Robert Briskman, co-founder of Sirius Satellite Radio, has been awarded the 2007 American Institute of Aeronautics and Astronautics Aerospace Communications Award. Briskman was honored for his pioneering efforts in developing the Satellite Digital Audio Radio Service. Briskman retired from Sirius as Executive Vice President, Engineering, and a director in March, 2001.

New Hall of Fame
The Connecticut Business Hall of Fame holds its first induction ceremony today. Among the four inductees are Barry Berman, President, and S. Richard Kalt, Exec. VP, of CRN International, the radio marketing company based in Hamden, CT.

Sirius taps Jeff Smith
After being let go by Nassau Broadcasting in December after nearly 10 years, Jeff Smith has accepted the position of Manager of Broadcast Maintenance Engineering for Sirius Satellite Radio. He will start on Monday March 19th and be based out their NYC facility.

TVBR - TV News

Political carried TV to blockbuster Q4
You knew that television advertising was amazingly strong in Q4 and now the Television Bureau of Advertising (TVB) has the numbers to prove it. The final tally for TVB by TNS Media Intelligence/CMR, based on estimates for the top 100 markets, shows that local broadcast television ad revenues were up 21.5% in the fourth quarter of 2006, compared to the same period in 2005. For the year, revenues were up 11.5% over 2005. And it wasn't just surging political spending in an election year that drove the growth - revenues were up in all of the top ten categories for the quarter and the year. Yes, despite all of the complaining about softness in the auto category, the largest TV advertising category for local stations was still up 13.1% in Q4. Government & Organizations (which includes political advertising), was the #2 category, up 267.6%. The gains for local stations were not duplicated at the network level in Q4. Network TV posted a 6.1% decline for the quarter (and a 2.0% gain for the year); syndicated TV declined by 7.7% for the quarter (and increased by 0.3% for the year). Taken together with local broadcast television revenues, total broadcast TV thus posted a 3.8% increase for the quarter and a 5.3% increase for the year.
| Here are the figures |

RBR Radar 2007
Radio News you won't read any where else. RBR--First, Accurate, and Independently Owned.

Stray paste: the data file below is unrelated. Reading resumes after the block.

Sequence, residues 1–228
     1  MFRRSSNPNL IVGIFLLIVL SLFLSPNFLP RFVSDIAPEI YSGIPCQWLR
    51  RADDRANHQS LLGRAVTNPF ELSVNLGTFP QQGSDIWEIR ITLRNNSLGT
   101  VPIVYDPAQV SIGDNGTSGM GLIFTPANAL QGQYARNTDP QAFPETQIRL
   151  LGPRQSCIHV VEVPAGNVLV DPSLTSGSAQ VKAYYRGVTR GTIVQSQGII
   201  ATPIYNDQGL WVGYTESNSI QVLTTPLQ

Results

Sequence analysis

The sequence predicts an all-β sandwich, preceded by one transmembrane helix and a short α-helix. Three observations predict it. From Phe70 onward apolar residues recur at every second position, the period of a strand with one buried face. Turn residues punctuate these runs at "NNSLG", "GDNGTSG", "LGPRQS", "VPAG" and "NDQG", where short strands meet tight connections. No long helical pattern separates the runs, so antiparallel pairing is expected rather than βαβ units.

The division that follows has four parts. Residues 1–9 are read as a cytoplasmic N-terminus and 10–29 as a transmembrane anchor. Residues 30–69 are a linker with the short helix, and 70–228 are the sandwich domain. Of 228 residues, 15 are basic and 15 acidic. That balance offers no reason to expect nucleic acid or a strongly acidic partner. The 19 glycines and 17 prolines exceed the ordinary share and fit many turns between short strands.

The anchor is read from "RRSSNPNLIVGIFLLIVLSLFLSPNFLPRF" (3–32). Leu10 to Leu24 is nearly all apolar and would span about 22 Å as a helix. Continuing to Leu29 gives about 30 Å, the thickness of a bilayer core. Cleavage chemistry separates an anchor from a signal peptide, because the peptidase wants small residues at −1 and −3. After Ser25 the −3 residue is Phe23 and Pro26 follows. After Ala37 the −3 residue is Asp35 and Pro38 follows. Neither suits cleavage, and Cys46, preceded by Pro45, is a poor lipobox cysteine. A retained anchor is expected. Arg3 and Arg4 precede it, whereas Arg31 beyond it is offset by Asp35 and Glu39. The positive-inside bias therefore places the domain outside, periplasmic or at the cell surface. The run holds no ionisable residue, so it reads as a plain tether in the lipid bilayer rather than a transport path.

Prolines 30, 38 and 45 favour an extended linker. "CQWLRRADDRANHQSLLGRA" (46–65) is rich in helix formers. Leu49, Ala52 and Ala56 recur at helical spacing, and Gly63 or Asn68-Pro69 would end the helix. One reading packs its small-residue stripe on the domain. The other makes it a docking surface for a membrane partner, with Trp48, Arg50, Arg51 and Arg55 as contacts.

CCU strategy depends on arbs
By delaying its buyout vote by about a month, Clear Channel is banking on a heavy "yes" vote by arbitrageurs who have bought shares for short-term profits. Ironically, CCU management could also build support if the company performs poorly in Q1. Trading activity since the original record date for voting on the buyout, January 22nd, has amounted to more than 50% of the outstanding shares of the company. Of course, some of those shares changed hands more than once, so there is no way to know how many are currently in the hands of the arbs, who typically buy large blocks to turn quick profits on narrow margins. They are banking on a quick sale at 37.60 so they can move on to the next opportunity.

RBR observation: Still not a slam-dunk, by any means. If only a majority vote was needed, it would probably pass easily. But CCU is a Texas company and Texas law requires two-thirds approval of all outstanding shares for acceptance of a total buyout. That means that shares not voted count as "no" votes. There could be quite a roller coaster ride ahead. If the buyout is voted down, the stock will fall - and fall dramatically - as the arbs dump and run. We would not dare to predict how much it will fall or how quickly it will recover as fundamentals regain control over panic, but it will not be a pleasant ride for the squeamish. (more RBR analysis in)
03/15/07 RBR #52

Clear Channel delays buyout vote
Amid increasing indications that the proposed 26.7 billion bucks buyout of the company will not win the required two-thirds support from shareholders, Clear Channel Communications announced that the vote has been rescheduled to April 19th, rather than (March 21). The official reason given is that the independent directors on the CCU board determined that so many shares have changed owners recently that the roster of shareholders as of the original record date no longer reflects the actual ownership.
03/14/07 RBR #51